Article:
Question: I am an international student who wants to attend a university in the U.S. A friend of mine suggested the University of San Diego and a relative suggested the University of California San Diego. I’m confused ... is this two different universities or the same one? It seems like a lot of American colleges have almost identical names. How can I tell if one is better than the other?
Many U.S. students are as confused as you are when it comes to colleges with similar-sounding names, but I suspect that this confusion can be even greater for students from abroad.
Not only is the University of San Diego easy to mix up with The University of California San Diego (which is a completely different institution), but also America is home to countless other colleges with names that are all too easy to confuse, as you seem to have to discovered already.
Among these, for instance, you’ll find:
Cornell College (Iowa) and Cornell University (New York)
Northeastern University (Massachusetts) and Northwestern University (Illinois)
DePaul University (Illinois) and DePauw University (Indiana)
Miami University (Ohio) and University of Miami (Florida)
Trinity College (Connecticut) and Trinity University (Texas) And there are at least a half dozen more colleges with “Trinity” in the the name.
University of Washington (Washington) and Washington University in St. Louis (Missouri).
Then there’s also Washington and Lee University (Virginia), Washington & Jefferson College (Pennsylvania), Washington College (Maryland), and George Washington University (District of Columbia). Indeed, the list of schools that honor America’s first president goes on and on.
And, in many states, you’ll find a “the University of ___________” [name of state] as well as “____________ State University,” such as the University of Iowa (Iowa City, Iowa) and Iowa State University (Ames) or the University of Michigan (Ann Arbor, Michigan) and Michigan State University (East Lansing)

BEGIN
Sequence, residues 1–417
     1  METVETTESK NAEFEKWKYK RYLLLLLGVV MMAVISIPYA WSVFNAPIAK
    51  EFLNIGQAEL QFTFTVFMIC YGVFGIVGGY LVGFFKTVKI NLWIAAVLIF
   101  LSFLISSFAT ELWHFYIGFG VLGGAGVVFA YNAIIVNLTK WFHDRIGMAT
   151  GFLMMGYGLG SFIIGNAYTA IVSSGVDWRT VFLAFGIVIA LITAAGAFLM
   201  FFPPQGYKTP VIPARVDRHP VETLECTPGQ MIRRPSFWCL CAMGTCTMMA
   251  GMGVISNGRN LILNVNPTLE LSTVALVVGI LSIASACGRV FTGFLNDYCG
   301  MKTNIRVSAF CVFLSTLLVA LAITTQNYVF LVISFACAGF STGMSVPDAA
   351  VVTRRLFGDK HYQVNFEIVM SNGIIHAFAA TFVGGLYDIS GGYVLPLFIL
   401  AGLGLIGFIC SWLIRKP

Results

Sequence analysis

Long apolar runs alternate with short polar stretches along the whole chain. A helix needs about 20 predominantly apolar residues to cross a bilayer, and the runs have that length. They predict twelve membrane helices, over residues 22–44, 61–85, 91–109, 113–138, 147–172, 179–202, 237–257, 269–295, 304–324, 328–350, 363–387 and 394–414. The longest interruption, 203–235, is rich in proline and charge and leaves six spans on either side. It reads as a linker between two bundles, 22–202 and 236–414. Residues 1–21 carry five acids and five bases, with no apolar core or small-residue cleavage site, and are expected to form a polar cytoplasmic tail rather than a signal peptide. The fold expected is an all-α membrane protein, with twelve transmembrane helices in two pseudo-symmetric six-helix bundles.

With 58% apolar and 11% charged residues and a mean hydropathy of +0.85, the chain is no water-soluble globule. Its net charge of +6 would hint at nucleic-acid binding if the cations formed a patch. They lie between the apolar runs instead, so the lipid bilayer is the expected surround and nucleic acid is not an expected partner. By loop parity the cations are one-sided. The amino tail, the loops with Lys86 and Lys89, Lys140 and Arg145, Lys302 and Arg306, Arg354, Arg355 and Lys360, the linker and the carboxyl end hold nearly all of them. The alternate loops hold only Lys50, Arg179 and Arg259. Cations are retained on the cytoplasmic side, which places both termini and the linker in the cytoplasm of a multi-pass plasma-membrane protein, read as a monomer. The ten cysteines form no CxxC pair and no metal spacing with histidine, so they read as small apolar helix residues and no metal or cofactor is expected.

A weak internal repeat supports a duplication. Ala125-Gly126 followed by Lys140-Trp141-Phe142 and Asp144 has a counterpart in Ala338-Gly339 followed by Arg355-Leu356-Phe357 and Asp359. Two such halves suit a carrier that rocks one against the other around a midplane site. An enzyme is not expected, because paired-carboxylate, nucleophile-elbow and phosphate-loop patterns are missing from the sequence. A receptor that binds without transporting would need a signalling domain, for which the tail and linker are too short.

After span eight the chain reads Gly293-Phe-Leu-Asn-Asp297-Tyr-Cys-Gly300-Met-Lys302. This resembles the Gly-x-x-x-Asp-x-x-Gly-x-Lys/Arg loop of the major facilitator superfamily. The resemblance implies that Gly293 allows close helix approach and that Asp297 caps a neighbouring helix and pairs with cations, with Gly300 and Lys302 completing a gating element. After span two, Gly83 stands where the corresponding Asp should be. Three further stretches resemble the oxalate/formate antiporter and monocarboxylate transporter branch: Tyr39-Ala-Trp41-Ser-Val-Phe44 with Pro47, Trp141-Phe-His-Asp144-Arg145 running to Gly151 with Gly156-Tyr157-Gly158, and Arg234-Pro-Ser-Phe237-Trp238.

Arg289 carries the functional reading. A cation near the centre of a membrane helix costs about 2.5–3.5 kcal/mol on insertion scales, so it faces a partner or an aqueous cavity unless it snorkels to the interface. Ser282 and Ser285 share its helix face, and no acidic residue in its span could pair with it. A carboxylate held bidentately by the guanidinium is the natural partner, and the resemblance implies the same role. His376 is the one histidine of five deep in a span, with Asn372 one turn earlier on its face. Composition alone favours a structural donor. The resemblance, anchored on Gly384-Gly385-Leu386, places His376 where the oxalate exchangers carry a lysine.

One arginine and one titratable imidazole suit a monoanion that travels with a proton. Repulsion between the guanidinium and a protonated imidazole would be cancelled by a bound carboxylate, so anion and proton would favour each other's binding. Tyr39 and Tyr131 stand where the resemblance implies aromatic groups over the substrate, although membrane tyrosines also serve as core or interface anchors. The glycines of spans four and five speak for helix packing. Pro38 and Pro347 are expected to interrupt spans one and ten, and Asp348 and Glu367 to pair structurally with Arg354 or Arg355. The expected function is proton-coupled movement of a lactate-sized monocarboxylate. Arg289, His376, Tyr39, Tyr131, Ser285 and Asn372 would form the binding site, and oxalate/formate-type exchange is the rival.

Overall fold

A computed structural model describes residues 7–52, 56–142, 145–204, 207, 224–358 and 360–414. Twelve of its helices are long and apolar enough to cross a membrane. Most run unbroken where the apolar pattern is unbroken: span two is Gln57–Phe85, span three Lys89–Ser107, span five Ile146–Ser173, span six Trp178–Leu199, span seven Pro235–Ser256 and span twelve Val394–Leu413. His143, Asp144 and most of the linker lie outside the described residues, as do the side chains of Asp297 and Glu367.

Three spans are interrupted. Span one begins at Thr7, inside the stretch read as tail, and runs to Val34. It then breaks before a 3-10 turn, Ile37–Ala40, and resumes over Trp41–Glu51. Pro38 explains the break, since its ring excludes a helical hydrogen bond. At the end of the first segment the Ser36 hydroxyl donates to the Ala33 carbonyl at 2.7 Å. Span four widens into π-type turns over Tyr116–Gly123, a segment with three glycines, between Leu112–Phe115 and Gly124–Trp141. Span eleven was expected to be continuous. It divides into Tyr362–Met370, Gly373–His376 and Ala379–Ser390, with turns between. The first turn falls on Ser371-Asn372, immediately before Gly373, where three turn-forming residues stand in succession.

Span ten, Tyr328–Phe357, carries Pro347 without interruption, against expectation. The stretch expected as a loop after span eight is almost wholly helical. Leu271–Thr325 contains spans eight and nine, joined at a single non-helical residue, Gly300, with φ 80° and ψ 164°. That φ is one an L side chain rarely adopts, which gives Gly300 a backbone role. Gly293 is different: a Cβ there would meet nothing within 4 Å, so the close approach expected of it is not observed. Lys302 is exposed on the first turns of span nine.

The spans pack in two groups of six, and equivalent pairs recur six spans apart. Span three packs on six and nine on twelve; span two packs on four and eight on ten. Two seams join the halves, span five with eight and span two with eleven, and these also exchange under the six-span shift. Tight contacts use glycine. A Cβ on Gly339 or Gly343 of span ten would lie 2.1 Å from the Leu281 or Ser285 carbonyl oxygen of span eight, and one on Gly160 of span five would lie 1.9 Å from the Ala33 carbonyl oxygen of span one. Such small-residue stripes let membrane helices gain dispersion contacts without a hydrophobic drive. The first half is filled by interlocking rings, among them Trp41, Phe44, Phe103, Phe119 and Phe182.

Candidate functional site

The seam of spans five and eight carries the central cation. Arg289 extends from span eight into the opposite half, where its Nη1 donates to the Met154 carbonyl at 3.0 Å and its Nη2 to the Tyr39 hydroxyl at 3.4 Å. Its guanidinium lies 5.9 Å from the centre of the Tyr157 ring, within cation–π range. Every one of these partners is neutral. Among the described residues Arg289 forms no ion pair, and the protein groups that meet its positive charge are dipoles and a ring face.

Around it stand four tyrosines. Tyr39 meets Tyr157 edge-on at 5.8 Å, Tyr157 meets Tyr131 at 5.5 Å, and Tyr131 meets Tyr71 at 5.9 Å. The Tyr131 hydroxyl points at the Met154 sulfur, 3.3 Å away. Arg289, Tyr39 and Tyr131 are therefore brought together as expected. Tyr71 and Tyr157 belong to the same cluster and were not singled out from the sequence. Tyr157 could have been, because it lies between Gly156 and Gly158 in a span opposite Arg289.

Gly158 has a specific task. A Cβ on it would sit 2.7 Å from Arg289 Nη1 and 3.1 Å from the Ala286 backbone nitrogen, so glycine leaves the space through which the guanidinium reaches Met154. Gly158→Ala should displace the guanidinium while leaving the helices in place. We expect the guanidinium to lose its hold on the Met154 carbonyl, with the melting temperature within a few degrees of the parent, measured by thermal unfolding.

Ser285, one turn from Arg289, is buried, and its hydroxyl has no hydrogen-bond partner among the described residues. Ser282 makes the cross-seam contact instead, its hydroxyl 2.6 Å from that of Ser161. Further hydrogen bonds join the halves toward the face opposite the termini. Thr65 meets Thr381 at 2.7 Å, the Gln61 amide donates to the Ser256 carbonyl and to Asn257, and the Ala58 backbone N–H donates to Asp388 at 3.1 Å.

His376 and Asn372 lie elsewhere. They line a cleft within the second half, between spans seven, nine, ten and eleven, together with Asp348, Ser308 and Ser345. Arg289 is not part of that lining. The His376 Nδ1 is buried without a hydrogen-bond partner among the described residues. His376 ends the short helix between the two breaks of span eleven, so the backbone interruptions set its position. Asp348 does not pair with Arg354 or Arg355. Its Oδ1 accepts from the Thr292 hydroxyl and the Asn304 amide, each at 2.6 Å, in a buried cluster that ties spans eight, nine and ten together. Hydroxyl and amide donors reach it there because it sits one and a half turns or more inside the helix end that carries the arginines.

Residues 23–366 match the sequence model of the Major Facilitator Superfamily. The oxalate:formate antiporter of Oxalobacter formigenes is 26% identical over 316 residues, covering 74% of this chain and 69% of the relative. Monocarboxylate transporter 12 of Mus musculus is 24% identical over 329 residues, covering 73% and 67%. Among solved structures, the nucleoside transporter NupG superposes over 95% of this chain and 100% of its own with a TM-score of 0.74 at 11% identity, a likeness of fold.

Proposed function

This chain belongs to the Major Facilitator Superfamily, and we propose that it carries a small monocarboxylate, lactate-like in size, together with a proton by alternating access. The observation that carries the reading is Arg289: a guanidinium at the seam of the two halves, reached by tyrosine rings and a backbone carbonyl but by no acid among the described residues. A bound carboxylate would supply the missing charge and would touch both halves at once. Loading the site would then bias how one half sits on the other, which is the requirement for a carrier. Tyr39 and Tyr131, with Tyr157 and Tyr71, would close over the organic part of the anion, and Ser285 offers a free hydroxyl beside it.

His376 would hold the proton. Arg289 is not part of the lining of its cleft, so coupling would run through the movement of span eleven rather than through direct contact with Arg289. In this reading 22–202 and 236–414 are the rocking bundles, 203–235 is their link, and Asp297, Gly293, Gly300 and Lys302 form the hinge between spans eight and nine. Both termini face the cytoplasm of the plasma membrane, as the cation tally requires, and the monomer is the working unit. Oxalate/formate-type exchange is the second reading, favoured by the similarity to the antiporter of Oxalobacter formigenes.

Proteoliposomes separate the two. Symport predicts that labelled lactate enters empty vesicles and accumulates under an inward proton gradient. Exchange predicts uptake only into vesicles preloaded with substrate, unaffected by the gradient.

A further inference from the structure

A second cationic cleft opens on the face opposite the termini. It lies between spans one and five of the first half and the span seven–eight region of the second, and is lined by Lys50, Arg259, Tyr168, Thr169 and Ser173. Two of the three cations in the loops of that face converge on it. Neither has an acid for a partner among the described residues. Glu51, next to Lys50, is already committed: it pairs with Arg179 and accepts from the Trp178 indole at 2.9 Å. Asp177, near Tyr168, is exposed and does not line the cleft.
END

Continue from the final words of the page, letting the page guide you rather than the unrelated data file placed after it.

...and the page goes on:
And occasionally two colleges will even have the exact same name, such as Wheaton College in Massachusetts and Wheaton College in Illinois. And there’s a Union College in New York, Nebraska and Kentucky, as well as a bunch more elsewhere with Union in their titles.
So when exploring colleges, especially from afar, it’s important to distinguish among the befuddling choices. One good way to do that is by using the College Board’s “Search by College Name” option, which you’ll find here: https://www.collegeboard.org/ When you type in a college’s name, you can see its location and get a lot of other data (size, majors, admission criteria and standards, financial aid policies, etc.) You can even use the “Compare” function so you can easily see how Cornell College differs from Cornell University, and so on. Once you get the basics down using the College Board site, you can read more on each school’s Web site or check out “anecdotal guidebooks” such as Princeton Review's Best 381 Colleges, The Fiske Guide to Colleges, or The Insider's Guide to Colleges. These books don’t cover every college you may be considering but, for those schools included, you will get information that goes beyond just the dry facts and figures.
Warning: Applicants from abroad, especially those struggling with English, are more likely than American students to confuse the names of proprietary colleges (for-profit institutions that may be completely legitimate but all-too-commonly are not) with those of non-profit schools. For instance, California Southern University (proprietary) sure sounds a lot like the University of Southern California (a top non-profit private school). National American University (proprietary) might get mixed up with American University (private, non-profit). I’m not saying that you should avoid the proprietary schools entirely, but do tread carefully so that you know exactly where you’re enrolling.
As for University of San Diego and the University of California San Diego, you can check out their differences online, in books, or—ideally—in person, but if you want year-round sunshine, you can’t go wrong with either.